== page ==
Saturday, May 19, 2012

The Irony

From the time I was a teenager, I have been curious about learning all things mormon. There were two things that troubled me. I didn't understand the mysteries contained in the Bible; and the temple. I became obsessed with understanding.  I felt that my eternal salvation depended on understanding the symbolism in the temple and the Bible, especially the book of Revelation.

As a teen, I even read parts of a book called Mormonism and Masonry. I didn't really understand it, however, since I hadn't been through the temple and I didn't understand what Masonry was, at the time.

I obsessed about going through the temple, wanting all things that god had to offer.  After going through, I wanted nothing more to do with it, thinking it bizarre and cult like.  I didn't understand it.  I was told that I wasn't *worthy* enough to understand all of its symbolism.  I was told that, 'all would be revealed upon my righteousness.' I then tried to live in a way to make me worthy.

I studied the scriptures voraciously.  I read the bible, the BofM, the PofGP, multiple times. I read commentaries on all of them.  I found stuff on the internet.  I found stuff written by other religions.  I attended other religions, hoping that all knowledge would open my eyes. I spent hundreds of dollars on books to help my understanding.

 I tried to live the most righteous life I possibly could. I accepted each calling, even when these callings didn't fall in line with what my patriarchal blessing said these callings should be (my blessing said I would be a leader of other women, that I would rise to great heights of leadership; few of the callings I received, however fit into this category).  I questioned everything.  I researched, I studied, I prayed, I did all these things in an effort to understand the mystery of the temple and the Book of Revelation.

I believed the mormon scriptures that said that all knowledge is of god, that if we seek after good things, it was a good thing.  The more I searched, the more confused I was.  I found out that the way the Bible was put together was not how I was taught in church.  It was very fascinating, but not necessarily inspired by god.  I found out that the Greek and Roman and previous gods that were worshiped by other nations had a great influence on the Jews and eventually the religion that became the Christians. I discovered that there were many, many books that could have been included in the Bible.  I found out the books in the NT were not written by the men that carry their names.  The most recent research on the Book of Revelation is the most fascinating.  Its author concludes that it wasn't meant to be an end-of-days book about our time, but a political commentary about the Roman government and about the time period it was written in.  Of course, this only makes sense, once a person is able to step back and be objective.   Elaine Pagel, The Book of Revelation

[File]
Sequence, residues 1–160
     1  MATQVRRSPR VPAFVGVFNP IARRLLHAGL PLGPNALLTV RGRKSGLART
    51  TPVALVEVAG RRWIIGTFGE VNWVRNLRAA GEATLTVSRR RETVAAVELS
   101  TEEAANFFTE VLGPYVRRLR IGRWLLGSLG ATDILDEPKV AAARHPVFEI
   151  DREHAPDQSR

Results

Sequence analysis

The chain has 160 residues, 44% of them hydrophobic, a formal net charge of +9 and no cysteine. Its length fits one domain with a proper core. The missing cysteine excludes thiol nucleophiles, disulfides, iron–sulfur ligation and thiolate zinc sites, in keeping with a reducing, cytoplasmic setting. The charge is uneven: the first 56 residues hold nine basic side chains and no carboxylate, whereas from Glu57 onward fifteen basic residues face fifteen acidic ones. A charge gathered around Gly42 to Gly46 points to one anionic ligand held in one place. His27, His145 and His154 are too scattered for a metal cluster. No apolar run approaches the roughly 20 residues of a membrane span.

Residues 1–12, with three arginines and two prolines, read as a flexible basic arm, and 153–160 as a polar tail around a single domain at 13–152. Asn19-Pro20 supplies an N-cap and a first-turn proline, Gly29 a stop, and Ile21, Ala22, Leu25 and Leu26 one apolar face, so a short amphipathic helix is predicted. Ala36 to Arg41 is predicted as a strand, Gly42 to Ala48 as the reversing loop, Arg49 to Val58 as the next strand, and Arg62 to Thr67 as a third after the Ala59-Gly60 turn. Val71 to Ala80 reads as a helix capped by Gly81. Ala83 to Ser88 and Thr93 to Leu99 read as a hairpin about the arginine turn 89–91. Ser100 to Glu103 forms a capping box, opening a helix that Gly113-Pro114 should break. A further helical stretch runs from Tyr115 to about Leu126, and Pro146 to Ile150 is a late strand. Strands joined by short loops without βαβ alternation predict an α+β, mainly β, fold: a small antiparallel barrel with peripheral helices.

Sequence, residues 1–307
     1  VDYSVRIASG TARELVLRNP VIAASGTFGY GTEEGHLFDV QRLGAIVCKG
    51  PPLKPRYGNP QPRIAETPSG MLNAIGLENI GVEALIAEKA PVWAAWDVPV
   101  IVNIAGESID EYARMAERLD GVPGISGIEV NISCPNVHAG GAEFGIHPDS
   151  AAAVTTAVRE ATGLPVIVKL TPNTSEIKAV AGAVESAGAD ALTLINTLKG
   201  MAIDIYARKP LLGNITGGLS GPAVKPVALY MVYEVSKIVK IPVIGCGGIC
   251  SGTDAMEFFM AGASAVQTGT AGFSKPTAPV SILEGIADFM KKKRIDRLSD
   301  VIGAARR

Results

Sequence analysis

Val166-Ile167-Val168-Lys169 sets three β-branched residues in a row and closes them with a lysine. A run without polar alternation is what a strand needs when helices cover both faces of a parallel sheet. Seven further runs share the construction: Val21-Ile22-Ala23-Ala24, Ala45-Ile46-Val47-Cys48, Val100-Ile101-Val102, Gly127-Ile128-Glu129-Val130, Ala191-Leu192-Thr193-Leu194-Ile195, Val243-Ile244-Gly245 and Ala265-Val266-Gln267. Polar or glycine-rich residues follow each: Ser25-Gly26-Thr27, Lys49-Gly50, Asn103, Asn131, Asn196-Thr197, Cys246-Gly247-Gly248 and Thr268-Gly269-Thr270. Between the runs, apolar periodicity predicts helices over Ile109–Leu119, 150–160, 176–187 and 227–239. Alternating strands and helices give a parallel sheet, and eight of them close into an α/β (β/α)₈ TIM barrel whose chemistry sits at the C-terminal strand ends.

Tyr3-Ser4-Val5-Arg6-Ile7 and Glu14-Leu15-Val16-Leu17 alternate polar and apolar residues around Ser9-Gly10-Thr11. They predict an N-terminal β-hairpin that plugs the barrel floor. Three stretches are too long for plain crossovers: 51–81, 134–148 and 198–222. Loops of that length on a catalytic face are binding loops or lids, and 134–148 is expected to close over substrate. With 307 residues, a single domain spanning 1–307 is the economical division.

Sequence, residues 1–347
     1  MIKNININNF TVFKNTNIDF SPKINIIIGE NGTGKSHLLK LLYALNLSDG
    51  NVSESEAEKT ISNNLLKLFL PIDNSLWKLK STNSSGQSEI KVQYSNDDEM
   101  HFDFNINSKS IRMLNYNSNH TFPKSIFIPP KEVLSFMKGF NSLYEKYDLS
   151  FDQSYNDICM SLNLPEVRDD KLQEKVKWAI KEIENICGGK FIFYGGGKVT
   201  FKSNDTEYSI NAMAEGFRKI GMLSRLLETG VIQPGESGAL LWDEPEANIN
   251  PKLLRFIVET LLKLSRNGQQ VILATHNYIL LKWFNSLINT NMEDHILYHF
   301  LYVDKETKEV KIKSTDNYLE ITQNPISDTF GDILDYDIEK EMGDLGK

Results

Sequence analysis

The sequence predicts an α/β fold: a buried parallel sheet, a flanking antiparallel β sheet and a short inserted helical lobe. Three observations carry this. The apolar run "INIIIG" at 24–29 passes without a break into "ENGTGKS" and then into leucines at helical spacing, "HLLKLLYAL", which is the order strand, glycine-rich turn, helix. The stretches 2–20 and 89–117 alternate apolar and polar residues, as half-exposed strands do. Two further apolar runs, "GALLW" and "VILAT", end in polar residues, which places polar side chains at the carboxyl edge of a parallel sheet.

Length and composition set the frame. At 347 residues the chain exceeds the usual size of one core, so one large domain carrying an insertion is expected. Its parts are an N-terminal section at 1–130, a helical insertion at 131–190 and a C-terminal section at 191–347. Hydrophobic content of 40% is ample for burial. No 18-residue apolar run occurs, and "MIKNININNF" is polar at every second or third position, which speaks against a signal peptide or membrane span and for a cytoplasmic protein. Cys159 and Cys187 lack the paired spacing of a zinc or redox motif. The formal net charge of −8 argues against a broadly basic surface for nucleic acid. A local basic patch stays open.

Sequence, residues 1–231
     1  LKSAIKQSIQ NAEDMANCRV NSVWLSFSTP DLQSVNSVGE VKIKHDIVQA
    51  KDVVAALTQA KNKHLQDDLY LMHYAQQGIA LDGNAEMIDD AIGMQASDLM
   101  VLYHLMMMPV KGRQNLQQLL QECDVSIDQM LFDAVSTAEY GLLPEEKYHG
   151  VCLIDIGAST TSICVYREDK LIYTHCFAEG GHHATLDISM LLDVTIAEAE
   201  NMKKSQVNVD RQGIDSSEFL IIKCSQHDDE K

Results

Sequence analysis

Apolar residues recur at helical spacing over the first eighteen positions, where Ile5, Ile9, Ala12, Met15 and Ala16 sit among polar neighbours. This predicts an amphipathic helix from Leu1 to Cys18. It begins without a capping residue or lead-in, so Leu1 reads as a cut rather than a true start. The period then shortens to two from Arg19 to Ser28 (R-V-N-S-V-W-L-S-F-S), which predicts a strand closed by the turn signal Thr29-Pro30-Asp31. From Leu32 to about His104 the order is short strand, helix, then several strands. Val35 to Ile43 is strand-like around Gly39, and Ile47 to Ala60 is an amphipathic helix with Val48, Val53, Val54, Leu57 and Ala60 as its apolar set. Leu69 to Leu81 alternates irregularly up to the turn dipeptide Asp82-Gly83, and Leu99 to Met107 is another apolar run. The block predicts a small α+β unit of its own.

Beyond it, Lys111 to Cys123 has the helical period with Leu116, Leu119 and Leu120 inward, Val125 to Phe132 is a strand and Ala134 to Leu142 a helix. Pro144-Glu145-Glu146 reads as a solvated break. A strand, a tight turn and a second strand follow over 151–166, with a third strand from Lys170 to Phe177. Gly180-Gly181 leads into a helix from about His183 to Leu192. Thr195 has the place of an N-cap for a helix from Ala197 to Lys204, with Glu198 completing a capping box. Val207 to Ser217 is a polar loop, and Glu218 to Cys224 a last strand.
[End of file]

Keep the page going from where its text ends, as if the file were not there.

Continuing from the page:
I found out that Joseph Smith and nearly all of the early leaders in the mormon church were Masons. I found out that all the symbols on the Nauvoo and Salt Lake Temple are not religious symbols, but Masonic symbols. I didn't need to look at anti- sources for this, but to mormon sources:

The History of the Church records Smith's entrance into the Masonic lodge in 1842:
"Tuesday, 15.—I officiated as grand chaplain at the installation of the Nauvoo Lodge of Free Masons, at the Grove near the Temple. Grand Master Jonas, of Columbus, being present, a large number of people assembled on the occasion. The day was exceedingly fine; all things were done in order, and universal satisfaction was manifested. In the evening I received the first degree in Free Masonry in the Nauvoo Lodge, assembled in my general business office." (History of the Church, by Joseph Smith, Deseret Book, 1978, Vol.4, Ch.32, p.550-1)
The next day Smith recorded:
"Wednesday, March 16.—I was with the Masonic Lodge and rose to the sublime degree." (History of the Church, Vol.4, Ch.32, p.552)
The Mormon involvement in Freemasonry reached its heights during the early 1840's in Nauvoo. In the Encyclopedia of Mormonism we read:
"The introduction of Freemasonry in NAUVOO had both political and religious implications....Eventually nearly 1,500 LDS men became associated with Illinois Freemasonry, including many members of the Church's governing priesthood bodies—this at a time when the total number of non-LDS Masons in Illinois lodges barely reached 150." (Encyclopedia of Mormonism, vol.2, p.527)

I learned that the Kirkland temple was vastly different in design, worship and openness than the Nauvoo temple.  Why?  This is a question that will never be answered by mormon leadership.  Why? Because it means opening up dirty little secrets like polygamy:

I learned that I was lied to.  God doesn't have secret handshakes to get us into heaven.  God doesn't require women to cover their faces to pray.  God doesn't require men to take women's hands to get women into heaven.  God doesn't require polygamy to get into heaven.  God doesn't require women to submit to men. God doesn't have an end-of-day plan written in secret-hard-to-interpret writings.

The irony:  My quest to seek further knowledge, wisdom, truth and spirituality lead me out of the mormon church. Only by leaving, did I find the truth.

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